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Explaining Goal #2

Goal #2: To improve access to the diagnosis and treatment of infertility and eliminate disparities in infertility care

Given that the average cost of one IVF cycle is more than $12,000, the financial barriers to treatment create a disparity among lower income infertility patients. A recent report from the Coronary Artery Risk Development in Young Adults (CARDIA) study indicates that among non-surgically sterile women, African American women had a twofold increase in odds of reporting a history of infertility. Financial barriers limit access to diagnosis, evaluation, and treatment and may lead to selectively underestimating the frequency of infertility in some lower income population groups.

Although the CDC white paper primarily deals with infertility within the United States, the Demographic and Health Surveys program estimates that 167 million ever-married women aged 15 to 49 years old in developing countries (excluding China) were infertile in 2002. In fact, infertility rates in sub-Saharan Africa exceed 30%. As these countries develop economically, the demand for infertility treatment and assisted reproduction will increase exponentially.

Determining the true cost of infertility will help improve access

There is still a great deal of controversy over the cost effectiveness of IVF, given the high cost. Besides analyzing the impact of maternal age and multiple births along with the costs, the financial impact of involuntary childlessness has never been thoroughly researched. Women become depressed, which may lead to decreased work productivity, or extended leaves of absence as women often grieve the losses so often incurred during infertility treatment.

The average $12,000 costs does not include diagnosis and treatment, and doesn’t take into consideration longer term disability costs that come with giving birth to multiples, premature deliveries, and low birth weight babies. Since many additional costs are borne by the patients, a tracking system needs to analyze the out of pocket expenses for care that are often not covered by insurance.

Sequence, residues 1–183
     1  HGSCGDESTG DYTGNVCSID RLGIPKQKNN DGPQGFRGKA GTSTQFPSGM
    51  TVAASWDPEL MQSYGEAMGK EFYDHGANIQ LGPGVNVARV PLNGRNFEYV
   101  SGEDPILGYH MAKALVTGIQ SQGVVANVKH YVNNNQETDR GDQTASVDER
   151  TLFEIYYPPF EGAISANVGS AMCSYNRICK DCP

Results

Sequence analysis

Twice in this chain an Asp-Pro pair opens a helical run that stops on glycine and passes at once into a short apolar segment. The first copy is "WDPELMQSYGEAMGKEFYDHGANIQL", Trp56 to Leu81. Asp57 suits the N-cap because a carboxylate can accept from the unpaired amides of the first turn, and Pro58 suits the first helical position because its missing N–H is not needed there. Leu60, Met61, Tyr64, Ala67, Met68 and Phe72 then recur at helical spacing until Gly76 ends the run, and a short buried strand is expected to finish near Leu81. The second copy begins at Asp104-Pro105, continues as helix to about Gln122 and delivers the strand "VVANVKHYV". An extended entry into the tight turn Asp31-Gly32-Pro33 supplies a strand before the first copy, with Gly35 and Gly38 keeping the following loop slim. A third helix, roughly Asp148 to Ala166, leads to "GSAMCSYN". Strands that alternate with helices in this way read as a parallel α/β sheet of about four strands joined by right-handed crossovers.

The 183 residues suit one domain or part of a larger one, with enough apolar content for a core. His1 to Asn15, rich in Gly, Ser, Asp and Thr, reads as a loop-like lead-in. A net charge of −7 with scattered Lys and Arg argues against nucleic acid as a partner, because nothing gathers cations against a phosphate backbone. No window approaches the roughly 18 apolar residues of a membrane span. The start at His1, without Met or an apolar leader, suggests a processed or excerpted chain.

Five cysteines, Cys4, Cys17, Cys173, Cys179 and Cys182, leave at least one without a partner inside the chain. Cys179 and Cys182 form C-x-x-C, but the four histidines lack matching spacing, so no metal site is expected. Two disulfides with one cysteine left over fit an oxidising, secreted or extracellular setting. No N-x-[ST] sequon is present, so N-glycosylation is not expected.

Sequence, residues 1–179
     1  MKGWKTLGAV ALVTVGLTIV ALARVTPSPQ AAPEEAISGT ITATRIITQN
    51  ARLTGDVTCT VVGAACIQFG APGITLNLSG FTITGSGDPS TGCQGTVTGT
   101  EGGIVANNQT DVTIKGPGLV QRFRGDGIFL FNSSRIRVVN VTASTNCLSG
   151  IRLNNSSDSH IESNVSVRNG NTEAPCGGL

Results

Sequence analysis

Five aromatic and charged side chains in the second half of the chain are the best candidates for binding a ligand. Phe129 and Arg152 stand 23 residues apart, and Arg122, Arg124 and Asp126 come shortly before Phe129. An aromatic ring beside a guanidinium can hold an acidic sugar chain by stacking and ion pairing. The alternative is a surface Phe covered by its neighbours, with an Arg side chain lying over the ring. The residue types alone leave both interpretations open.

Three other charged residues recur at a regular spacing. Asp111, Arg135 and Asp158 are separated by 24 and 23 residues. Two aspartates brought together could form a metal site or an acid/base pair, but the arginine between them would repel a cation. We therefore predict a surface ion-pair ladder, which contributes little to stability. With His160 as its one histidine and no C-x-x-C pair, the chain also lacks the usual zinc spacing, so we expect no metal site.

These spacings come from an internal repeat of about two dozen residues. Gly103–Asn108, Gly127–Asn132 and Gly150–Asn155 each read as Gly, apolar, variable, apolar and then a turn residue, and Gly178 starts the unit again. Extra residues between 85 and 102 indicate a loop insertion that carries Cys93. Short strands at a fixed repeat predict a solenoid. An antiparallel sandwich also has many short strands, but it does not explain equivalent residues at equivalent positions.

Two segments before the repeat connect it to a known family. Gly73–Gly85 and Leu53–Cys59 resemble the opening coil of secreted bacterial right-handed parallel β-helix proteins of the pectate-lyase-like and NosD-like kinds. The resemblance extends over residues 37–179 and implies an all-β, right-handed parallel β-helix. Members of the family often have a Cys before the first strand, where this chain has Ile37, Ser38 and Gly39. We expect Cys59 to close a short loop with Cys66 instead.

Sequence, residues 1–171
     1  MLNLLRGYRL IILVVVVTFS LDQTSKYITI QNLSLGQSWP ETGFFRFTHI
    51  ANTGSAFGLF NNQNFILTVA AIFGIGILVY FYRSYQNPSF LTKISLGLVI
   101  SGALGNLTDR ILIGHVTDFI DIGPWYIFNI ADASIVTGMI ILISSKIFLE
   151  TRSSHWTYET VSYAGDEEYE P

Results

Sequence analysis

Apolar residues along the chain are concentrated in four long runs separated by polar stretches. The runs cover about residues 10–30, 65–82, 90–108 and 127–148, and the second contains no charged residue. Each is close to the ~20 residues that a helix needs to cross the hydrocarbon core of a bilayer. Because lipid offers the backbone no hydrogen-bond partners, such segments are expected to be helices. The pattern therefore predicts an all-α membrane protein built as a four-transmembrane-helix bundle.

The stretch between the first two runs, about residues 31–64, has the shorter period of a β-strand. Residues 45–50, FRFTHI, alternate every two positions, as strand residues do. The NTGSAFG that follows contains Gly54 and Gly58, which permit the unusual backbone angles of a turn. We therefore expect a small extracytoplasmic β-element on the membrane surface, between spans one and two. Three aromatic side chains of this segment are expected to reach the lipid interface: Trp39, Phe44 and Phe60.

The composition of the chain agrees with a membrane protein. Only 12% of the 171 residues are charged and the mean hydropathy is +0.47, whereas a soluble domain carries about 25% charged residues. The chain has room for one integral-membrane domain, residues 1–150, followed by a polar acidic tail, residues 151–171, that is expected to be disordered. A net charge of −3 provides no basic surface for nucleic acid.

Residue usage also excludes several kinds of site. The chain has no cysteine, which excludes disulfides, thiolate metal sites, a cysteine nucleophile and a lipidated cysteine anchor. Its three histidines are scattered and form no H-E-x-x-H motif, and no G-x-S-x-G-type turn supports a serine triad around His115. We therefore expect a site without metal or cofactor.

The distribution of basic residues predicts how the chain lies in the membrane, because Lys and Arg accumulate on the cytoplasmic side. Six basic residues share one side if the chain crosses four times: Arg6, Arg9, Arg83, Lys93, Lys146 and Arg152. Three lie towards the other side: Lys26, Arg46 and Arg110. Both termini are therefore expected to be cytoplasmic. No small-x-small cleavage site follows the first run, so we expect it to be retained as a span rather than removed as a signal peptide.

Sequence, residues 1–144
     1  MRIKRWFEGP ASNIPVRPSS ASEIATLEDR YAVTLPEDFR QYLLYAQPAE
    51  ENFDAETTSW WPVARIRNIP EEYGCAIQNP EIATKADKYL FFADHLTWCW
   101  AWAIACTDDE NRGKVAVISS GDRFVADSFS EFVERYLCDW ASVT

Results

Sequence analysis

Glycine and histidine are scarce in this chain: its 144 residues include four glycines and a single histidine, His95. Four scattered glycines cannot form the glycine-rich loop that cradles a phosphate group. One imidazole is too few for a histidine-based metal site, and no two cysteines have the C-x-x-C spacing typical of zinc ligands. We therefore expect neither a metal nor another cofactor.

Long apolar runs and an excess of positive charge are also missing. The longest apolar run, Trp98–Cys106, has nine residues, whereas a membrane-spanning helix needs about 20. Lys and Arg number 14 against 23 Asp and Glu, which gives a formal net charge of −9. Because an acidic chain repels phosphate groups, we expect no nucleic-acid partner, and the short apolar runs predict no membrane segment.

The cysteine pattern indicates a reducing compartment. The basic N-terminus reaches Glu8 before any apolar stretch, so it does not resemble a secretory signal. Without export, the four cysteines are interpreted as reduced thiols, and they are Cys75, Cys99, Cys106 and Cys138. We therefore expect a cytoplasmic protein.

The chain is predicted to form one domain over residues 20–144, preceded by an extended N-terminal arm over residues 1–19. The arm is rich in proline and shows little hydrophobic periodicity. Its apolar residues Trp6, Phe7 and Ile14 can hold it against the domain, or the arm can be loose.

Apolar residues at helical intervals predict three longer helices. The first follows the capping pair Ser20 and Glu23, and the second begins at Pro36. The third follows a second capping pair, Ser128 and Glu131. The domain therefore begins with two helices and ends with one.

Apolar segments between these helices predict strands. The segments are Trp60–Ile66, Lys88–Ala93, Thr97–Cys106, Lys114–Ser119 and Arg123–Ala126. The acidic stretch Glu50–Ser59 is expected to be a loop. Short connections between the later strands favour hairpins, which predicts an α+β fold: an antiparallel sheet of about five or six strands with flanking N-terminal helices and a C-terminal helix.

The cost of treatment is only likely to rise as more couples seek infertility treatment. The good news is, research into controlling these costs with more education and intervention among medical professionals to prevent infertility is developing quickly. As access to infertility treatment is improved, the costs can be tracked, and ultimately the cost effectiveness of prevention programs will help reduce the overall financial impact infertility has on the childbearing age population.

Higher income groups may be at higher risk for infertility

Although financial barriers are likely causing some underestimation of the frequency of infertility among some lower income population groups, the same may be true for higher income couples.

The infertility rate of professionals who opt to delay having a child is difficult to track, since they do not become a part of the infertility equation until they decide to start trying.

As it becomes a common part of American culture to delay childbearing until a career is established, or financial security is achieved, the actual number of professional, higher income women and men who are diagnosed with infertility is only likely to increase.

One term I heard for the first time when I was lobbying for support for this plan in Washington, D.C. was “health inequality.” In the context of the National Public Health Action Plan for the Detection, Prevention, and Management of Infertility, it relates to the fact that as a disease, infertility does not get ‘equitable health’ consideration within the healthcare system. This creates large variations in the quality of care that infertile Americans receive, and is likely preventing large populations of lower income couples from even having the opportunity to try to have a biological child with medical assistance.

The research and preventative measures proposed by the CDC through this plan would shed light on those disparities, and hopefully pave the way for standards of care that serve the needs of all populations seeking parenthood with the help of a medical professional.

In the next article, we’ll discuss Goal #3 of the plan: To improve the efficacy and safety of infertility treatment.

Read the Entire Four Part Series

  1. The Public Health Focus on Infertility
  2. Improving Access to the Diagnosis and Treatment of Infertility
  3. Improving the Efficacy and Safety of Infertility Treatment
  4. Improving the Quality of Life of Americans Who Live With Infertility